March 8, International Women’s Day, has been designated as “A Day Without A Woman,” a women’s strike to follow up the massive marches and rallies that took place around the world on January 21. Women and their allies will withdraw from the corporations and institutions that are harmful while also finding ways to support the businesses, organizations and communities that are life-affirming. More information on this and other actions is at womensmarch.com.

Emily’s List, an organization that helps to fund pro-choice Democratic women to run for office is looking to the next cycle of elections with their new campaign “Run to Win.” They are encouraging women to run at all levels of local, state, and national office, and they are rallying support for those who have already committed to run. The website with more details is at emilyslist.org/run-to-win

IRIS, the New Haven-based organization that serves refugees, has resettled more than 5,000 people since it was founded in 1982, and welcomed a record 530 people in 2016 alone. They depend on volunteers to do a wide range of activities, both in their office and in directly working with refugees. Individuals can become “Cultural Companions,” working one-on-one with refugees to develop English skills and become accustomed to American culture. Larger groups of ten or more people can raise money and directly sponsor a refugee family, as many church and civic groups have already done. Details about all of these programs are available by going to irisct.org and clicking on the “Get Involved” button.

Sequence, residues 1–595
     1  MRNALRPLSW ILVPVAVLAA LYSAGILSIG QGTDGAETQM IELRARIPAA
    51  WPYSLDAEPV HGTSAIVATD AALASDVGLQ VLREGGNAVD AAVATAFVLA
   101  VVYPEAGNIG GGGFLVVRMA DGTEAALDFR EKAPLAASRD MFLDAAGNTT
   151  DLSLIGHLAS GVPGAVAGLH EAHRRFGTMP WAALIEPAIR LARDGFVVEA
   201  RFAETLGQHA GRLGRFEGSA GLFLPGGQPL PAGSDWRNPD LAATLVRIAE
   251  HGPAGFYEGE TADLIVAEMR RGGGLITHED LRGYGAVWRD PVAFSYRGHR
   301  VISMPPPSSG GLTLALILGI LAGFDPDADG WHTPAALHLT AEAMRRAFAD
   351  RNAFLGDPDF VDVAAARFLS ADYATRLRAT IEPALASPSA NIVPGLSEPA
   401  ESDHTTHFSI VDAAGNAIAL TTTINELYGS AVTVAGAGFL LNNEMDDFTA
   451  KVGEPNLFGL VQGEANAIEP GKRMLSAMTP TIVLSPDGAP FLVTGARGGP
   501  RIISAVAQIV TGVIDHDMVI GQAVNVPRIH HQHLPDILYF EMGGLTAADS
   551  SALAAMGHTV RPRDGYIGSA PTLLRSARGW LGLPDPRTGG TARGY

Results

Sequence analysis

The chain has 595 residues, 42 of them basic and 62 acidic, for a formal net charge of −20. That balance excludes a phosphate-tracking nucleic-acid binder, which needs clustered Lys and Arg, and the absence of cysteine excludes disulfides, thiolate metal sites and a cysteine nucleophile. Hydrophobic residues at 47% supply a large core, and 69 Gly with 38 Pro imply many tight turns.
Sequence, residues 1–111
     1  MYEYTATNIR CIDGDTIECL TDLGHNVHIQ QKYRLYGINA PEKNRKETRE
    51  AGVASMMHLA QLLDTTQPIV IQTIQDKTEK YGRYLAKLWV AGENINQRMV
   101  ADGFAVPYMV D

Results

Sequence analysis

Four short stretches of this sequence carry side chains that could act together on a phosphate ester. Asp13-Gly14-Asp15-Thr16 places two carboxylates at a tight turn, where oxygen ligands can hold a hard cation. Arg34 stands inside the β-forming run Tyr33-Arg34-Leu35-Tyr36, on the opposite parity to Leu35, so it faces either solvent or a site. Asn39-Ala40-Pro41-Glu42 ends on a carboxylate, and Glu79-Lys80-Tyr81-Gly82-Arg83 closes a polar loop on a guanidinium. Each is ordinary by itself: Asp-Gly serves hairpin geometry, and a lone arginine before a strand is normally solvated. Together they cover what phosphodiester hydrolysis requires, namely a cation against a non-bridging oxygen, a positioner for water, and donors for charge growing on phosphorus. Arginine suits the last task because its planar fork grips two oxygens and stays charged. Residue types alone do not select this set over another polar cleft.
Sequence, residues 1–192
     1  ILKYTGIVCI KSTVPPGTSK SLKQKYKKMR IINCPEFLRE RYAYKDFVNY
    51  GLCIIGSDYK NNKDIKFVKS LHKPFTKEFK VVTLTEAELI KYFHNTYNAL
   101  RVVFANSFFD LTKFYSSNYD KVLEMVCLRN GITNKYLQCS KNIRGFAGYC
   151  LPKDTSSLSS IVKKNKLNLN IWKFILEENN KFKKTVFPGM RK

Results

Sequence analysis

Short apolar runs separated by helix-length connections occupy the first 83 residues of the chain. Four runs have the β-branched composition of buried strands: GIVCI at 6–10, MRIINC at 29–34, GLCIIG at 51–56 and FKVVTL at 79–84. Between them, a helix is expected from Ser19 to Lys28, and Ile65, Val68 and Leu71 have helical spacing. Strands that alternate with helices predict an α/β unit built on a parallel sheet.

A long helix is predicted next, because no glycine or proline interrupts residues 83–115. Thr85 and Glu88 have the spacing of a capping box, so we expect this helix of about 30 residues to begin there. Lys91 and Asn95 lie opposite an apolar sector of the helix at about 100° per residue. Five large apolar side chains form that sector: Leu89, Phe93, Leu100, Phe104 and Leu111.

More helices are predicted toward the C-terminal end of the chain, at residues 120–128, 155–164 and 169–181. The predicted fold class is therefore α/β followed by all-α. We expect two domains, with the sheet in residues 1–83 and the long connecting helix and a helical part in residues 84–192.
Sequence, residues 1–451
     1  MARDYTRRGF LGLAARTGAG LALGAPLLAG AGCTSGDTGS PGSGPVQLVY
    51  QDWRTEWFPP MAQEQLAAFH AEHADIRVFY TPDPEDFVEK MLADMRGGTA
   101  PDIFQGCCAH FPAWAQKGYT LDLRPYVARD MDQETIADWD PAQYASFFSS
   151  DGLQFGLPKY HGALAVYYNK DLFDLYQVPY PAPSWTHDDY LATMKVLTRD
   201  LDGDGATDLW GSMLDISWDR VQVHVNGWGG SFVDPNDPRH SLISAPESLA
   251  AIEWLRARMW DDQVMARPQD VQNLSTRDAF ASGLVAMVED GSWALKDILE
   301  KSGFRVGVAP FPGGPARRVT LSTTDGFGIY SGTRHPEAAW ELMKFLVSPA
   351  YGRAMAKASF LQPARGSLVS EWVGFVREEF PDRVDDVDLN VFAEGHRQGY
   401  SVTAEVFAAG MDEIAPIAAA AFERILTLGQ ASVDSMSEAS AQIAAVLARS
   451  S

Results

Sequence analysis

The Republican Congress and the new administration have vowed to quickly end all funding for Planned Parenthood, which is one of the largest healthcare providers in the country. More information about how to save this essential resource can be found at istandwithpp.org. Concerned citizens can also reach out to their local chapters for volunteer opportunities.